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There are at least two ways to look at Insurgent, the second installment in the planned four-movie Divergent series.

Taken on its own terms, this second chapter remains a disappointingly familiar helping of young adult sci-fi with a story built on a rigid caste system that divides what remains of the world’s population into distinct personality groups — the smart, the honest, the aggressive, etc.

Theo James and Shailene Woodley
Theo James and Shailene Woodley

Those stumbling into Insurgent with no prior knowledge will find a passable if not especially novel addition to a genre — dystopian sci-fi — that’s best when it’s a bit more brainy.

But if one allows for a little relativism, and places the movie in the context of a franchise with two more movies remaining, it’s possible to argue that Insurgent marks an improvement over a far more tepid first installment.

With new director Robert Schwentke (Flightplan, RED and R.I.P.D.) taking over from Neil Burger, this second helping emphasizes action and special effects, some of which are truly dazzling.

In this edition, the evil Jeanine (Kate Winslet) wants to capture heroine Tris Prior (Shailene Woodley). A full-fledged divergent, Tris possess genes from all of the five personality types into which this futuristic society has been divided.

Tris also has the power to open a mysterious box that contains a message from the group that originally set up the factional system that’s supposed to ensure that peace prevails.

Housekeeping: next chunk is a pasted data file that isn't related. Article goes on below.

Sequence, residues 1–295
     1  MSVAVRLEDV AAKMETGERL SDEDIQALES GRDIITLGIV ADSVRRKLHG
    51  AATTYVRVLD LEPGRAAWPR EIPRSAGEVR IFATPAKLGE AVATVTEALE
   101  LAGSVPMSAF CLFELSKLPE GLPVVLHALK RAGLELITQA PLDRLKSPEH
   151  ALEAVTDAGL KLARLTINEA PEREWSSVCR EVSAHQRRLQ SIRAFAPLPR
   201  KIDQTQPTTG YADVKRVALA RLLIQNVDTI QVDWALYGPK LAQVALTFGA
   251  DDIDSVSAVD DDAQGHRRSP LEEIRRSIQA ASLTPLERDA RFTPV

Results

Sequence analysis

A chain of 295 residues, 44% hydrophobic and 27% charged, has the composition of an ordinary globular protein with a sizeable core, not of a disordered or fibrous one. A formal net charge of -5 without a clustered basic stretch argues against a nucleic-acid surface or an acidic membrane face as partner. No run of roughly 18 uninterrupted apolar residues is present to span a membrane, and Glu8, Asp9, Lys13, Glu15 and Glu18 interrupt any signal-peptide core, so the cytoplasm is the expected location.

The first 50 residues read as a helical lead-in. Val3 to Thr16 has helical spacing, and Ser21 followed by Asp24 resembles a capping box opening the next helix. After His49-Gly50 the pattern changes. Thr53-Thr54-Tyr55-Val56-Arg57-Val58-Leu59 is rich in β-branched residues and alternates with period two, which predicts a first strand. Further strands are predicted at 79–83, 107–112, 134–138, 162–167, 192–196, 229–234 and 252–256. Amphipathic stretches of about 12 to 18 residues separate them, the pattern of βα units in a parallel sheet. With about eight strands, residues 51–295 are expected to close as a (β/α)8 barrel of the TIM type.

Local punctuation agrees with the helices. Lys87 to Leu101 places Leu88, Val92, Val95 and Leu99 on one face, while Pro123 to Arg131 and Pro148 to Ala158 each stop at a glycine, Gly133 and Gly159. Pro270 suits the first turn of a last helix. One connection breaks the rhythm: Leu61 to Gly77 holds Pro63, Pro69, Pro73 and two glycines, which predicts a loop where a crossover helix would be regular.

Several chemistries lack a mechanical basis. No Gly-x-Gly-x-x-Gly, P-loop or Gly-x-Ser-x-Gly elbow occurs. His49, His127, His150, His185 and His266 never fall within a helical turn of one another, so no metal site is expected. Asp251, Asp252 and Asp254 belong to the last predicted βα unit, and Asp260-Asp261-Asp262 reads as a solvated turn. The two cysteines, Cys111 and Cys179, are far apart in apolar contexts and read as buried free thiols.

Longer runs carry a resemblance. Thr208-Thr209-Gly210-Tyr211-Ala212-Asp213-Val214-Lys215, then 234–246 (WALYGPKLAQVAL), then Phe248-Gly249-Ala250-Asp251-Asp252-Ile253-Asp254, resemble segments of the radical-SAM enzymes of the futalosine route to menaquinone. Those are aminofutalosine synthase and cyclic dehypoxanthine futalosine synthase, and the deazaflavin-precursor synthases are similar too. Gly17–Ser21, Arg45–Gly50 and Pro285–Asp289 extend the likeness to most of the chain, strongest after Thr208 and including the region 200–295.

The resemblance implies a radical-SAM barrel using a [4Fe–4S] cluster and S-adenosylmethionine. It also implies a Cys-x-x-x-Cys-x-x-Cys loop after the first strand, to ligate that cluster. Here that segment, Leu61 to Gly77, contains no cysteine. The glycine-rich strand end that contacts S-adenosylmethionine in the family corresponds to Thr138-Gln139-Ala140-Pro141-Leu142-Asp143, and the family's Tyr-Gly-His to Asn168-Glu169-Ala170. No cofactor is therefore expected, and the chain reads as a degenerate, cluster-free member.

Although the screenplay by Brian Duffield, Akiva Goldsman and Mark Bomback remains laden with jargon, Insurgent feels a bit freer and looser than its predecessor.

The movie opens with a quartet of rebels on the run. Tris, her boyfriend Four (Theo James), Chris’s brother Caleb (Ansel Elgort) and Peter (Miles Teller) are all fleeing the evil regime.

Early on, the movie’s quartet of refugees seeks sanctuary among the greenery and quietude to an Amity village, Amity being the faction dedicated to a total lack of conflict, as well as to what appears to be a grimly wholesome vegetarian diet.

The head of Amity (Octavia Spencer) eventually decrees that the interlopers must be expelled from the Amity Eden.

We quickly learn that Tris has become mired in guilt from the last movie. She blames herself for the loss of her parents, a bit of torment that provides Woodley with a chance to add psychological depth to a character who also struggles to contain her most violent impulses.

Bland in the first installment, James adds a bit of welcome color to his portrayal, but the characters in Insurgent hardly qualify as memorable.

Sporting a brunette dye job, Naomi Watts makes an appearance as Four’s mother, a woman he neither trusts nor loves. Watts’s Evelyn leads a group called Factionless, misfits who may become a necessary part of the alliance that’s required to overthrow Winslet’s Jeanine, as much the tyrannical ice princess as ever.

The story builds toward scenes in which the captured Tris is hooked up to a device that causes her to hallucinate and puts her character through the severest of tests.

I don’t know precisely what to make of it, but Tris’s torture prompts the movie’s best visual accomplishments, including a vertiginous sequence in which Tris imagines that she must rescue her mother from a burning house that’s uprooted and careering through the ruins of what’s left of Chicago.

And, yes, this is another movie in which someone could have gotten rich by cornering the rubble market.

I can’t imagine that anyone but devotees of Veronica Roth’s trilogy of novels will be enthralled, but that group seems large enough to create a seasonal hit.

Roth’s final novel, Allegiant, is scheduled to be broken into two films. Listen, cynicism comes easy for me, but this time, I choose to be optimistic.

Despite its obvious liabilities, the Divergent series at least seems to be trending positive.